‘You may wander, doubt, worry, and stumble, Cringing at the thought of another step, With dirty hands, teary eyes, and messy hair, The humanness in you.
But you will fight, claw, growl, and battle, Reaching deep for that extra breath, With bruises, scars, scratches, and howls, The warrior in you.
Then you will spread your wings, rise, fly, Blazing a trail of magic and light, With brilliance, genius, epicness, and soulfulness, The fucking goddess in you.’
“The hard things break. The soft things bend. The stubborn ones batter themselves against all that is immovable. The flexible adapt to what is before them. Of course, we are all hard and soft, stubborn and flexible, and so we all break until we learn to bend and are battered until we accept what is before us. This brings to mind the Sumerian tale of Gilgamesh, the stubborn, hard king who sought to ask the Immortal One the secret of life. He was told that there would be stones on his path to guide him. But in his urgency and pride, Gilgamesh was annoyed to find his path blocked, and so smashed the very stones that would help him. In his blindness of heart, he broke everything he needed to discover his way. With the same confusion, we too break what we need, push away those we love, and isolate ourselves when we need to be held most. There have been many times in my life when I have been too proud to ask for help or too afraid to ask to be held, and in the frenzy of my own isolation, like Gilgamesh, I have smashed the window I was trying to open, have split the bench I was trying to hammer, and have made matters worse by bruising the one I meant to be tender with. The live bough bends. The dead twig snaps. We are humbled to soften from our griefs, or else, in brittle time, become the next thing grieved.”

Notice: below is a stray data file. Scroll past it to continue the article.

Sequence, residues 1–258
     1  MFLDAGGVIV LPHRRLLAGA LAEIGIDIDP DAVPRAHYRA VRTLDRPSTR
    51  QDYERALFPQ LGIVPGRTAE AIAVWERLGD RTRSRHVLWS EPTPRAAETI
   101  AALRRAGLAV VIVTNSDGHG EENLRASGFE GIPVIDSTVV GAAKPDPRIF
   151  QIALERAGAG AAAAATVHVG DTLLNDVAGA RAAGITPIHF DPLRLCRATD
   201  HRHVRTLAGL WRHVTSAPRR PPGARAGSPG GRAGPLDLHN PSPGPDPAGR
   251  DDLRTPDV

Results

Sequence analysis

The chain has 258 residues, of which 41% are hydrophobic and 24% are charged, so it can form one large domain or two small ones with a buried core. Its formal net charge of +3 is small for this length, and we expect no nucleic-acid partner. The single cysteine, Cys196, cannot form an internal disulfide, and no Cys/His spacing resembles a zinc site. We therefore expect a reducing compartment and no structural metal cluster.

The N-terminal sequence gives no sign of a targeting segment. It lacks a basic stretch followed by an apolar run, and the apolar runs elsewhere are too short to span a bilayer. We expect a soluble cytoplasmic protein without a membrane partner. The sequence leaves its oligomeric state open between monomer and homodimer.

― Mark Nepo,
Having Loved Enough
Having loved enough and lost enough,
I’m no longer searching
no longer trying to make sense of pain
but trying to be a soft and sturdy home
in which real things can land.
These are the irritations
that rub into a pearl.
So we can talk for a while
but then we must listen,
the way rocks listen to the sea.
And we can churn at all that goes wrong
but then we must lay all distractions
down and water every living seed.
And yes, on nights like tonight
I too feel alone. But seldom do I
face it squarely enough
to see that it’s a door
into the endless breath
that has no breather,
into the surf that human
shells call God.
THIS IS MEDITATION
Let what comes, come.
Let what goes, go.
Don’t try to push away what comes.
It’s already here and it will pass.
Don’t try to cling to what goes.
The leaving is natural. Bless the leaving too.
Let what stays, stay.
Let what dies, die.
Let what lives, live.
Be the wide open space
for all of it.
Every thought, every feeling.
Be the awareness.
Be the ocean.
Allow the waves.
This is meditation,
your True Self.
– Jeff Foster
“Some beings will walk with you for the duration of this bodily existence, up to the very end. Some will come with bright promises, bright lights, but they fade quickly. Others come, they don’t look like they will go very far, but they are marathon runners; they’re there with you all the time. You cannot determine this… Somehow in the flow of your own unique river, you will see that everything is as it should be.”